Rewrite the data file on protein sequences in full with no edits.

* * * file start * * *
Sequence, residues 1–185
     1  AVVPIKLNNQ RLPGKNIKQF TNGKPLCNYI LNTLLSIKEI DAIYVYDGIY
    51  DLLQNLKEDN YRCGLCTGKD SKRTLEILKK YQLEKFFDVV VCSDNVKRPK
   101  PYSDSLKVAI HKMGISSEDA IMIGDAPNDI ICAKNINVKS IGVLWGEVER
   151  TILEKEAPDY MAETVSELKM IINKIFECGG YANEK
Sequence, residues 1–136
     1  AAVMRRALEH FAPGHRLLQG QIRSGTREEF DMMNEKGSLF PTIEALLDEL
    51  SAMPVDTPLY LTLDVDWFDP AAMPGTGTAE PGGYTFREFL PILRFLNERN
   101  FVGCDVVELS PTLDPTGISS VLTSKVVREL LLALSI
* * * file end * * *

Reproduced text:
Sequence, residues 1–185
     1  AVVPIKLNNQ RLPGKNIKQF TNGKPLCNYI LNTLLSIKEI DAIYVYDGIY
    51  DLLQNLKEDN YRCGLCTGKD SKRTLEILKK YQLEKFFDVV VCSDNVKRPK
   101  PYSDSLKVAI HKMGISSEDA IMIGDAPNDI ICAKNINVKS IGVLWGEVER
   151  TILEKEAPDY MAETVSELKM IINKIFECGG YANEK
Sequence, residues 1–136
     1  AAVMRRALEH FAPGHRLLQG QIRSGTREEF DMMNEKGSLF PTIEALLDEL
    51  SAMPVDTPLY LTLDVDWFDP AAMPGTGTAE PGGYTFREFL PILRFLNERN
   101  FVGCDVVELS PTLDPTGISS VLTSKVVREL LLALSI